2

I have forest stand characteristic data from northern Sweden. We have interpreted multiple years of aerial photos and now have polygons outlining different forest stand ages over time (e.g. clear cuts, young forests, old forest, etc.). I'm interested in determining how the number of clear cuts has changed over time and how much area they have covered over time. But because of the way we mapped the forest stands, we can have 2 or more polygons that are called "clear cut" right next to each other. Thus, if I were to just count the number of polygons that were coded as "clear cut" this would over estimate the number of clear cuts. How can I get GIS (I'm a novice, but use both ArcGIS and QGIS) to count polygons that neighbor each other as just one polygon? aerial photo with selected polygons - all of which are designated as 'clear cut' but are in fact one big clear cut

  • So you want to count only each contiguous areas as a single clear cut? – Rex Sep 28 '17 at 13:33
5

Assuming you have attributes for the polygons for each type (clear cuts, young forest, etc), you can run the Dissolve tool in ArcGIS with this ‘Type’ column as the Dissolve_Field. This will aggregate all the features of each type. If you UNCHECK ‘Create Multipart features’ your result will be a single polygon for each contiguous feature of each type. This is also assuming each photo interpretation (time) is a different feature class. If not, and its all in one, you will need to also add the time (or whatever field differentiates the different photos) to the Dissolve_Field list.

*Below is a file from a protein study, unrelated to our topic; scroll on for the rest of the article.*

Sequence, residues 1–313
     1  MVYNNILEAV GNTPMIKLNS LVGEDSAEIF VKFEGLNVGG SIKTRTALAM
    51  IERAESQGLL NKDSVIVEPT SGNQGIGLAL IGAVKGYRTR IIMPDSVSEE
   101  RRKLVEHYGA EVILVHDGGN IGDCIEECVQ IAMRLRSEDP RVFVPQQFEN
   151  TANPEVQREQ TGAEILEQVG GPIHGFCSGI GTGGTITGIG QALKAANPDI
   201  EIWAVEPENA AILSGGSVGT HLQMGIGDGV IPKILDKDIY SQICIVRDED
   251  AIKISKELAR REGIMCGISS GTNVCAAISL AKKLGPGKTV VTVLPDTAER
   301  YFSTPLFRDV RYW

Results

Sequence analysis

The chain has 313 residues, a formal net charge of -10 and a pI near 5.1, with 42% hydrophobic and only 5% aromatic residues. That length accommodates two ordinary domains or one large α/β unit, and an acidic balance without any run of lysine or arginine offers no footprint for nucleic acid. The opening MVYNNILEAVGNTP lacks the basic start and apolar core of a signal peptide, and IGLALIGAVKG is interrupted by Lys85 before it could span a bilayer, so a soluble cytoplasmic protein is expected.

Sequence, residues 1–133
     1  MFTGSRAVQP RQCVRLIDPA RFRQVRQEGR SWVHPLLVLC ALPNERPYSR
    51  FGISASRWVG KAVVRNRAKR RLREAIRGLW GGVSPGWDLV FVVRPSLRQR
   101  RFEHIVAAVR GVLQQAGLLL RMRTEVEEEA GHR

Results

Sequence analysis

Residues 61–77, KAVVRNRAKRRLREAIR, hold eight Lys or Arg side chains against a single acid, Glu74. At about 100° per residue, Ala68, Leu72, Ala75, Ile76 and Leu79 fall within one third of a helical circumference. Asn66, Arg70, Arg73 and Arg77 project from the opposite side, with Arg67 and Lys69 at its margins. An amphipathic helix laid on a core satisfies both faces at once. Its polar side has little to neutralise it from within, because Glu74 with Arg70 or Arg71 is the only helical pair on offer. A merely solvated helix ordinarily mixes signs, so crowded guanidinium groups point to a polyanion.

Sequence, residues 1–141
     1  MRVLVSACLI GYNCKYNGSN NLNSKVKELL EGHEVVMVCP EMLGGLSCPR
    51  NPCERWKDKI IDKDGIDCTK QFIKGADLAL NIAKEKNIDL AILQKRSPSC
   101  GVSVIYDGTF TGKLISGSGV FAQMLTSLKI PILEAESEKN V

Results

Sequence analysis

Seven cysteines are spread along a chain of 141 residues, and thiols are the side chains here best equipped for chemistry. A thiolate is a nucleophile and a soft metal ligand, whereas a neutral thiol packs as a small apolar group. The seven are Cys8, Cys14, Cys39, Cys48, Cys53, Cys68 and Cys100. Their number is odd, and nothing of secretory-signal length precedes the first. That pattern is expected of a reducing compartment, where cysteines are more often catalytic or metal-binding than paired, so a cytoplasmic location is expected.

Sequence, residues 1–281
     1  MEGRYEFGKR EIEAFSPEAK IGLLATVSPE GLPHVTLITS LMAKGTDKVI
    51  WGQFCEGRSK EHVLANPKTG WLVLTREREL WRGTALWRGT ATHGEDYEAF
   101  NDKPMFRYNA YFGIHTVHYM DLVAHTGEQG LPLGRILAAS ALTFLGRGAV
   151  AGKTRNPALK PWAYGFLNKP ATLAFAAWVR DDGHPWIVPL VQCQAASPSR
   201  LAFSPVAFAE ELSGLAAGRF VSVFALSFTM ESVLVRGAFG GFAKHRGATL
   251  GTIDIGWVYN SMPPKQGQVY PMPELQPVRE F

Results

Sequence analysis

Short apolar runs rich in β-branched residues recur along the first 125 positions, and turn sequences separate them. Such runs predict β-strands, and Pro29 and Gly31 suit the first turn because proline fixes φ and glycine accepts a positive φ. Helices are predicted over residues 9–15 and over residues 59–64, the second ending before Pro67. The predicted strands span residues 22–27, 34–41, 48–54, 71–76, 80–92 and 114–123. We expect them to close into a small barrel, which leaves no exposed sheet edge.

• 1
    Thanks Rex! I just checked this after not working on the project for awhile and this is perfect! – EMH Nov 7 '17 at 14:12
2

In QGIS, the Dissolve tool (in the tob bar, Vector > Geoprocessing Tools > Dissolve) is used to join adjacent polygons.

2

This seems better suited for a raster data type. Convert each polygon dataset into a raster where, clear-cut is coded as 1 and everything else 0. Then, just sum your rasters.

The specified resolution of the raster(s) would depend on the mapping base scale of your polygons (eg., 1:50,000 would support ~25m resolution). You can approximate this using: [Map base scale = raster resolution (meters) * 2 * 1000] so, a 30m raster resolution would be supported at 1:60,000.

Your Answer

By clicking “Post Your Answer”, you agree to our terms of service, privacy policy and cookie policy

Not the answer you're looking for? Browse other questions tagged or ask your own question.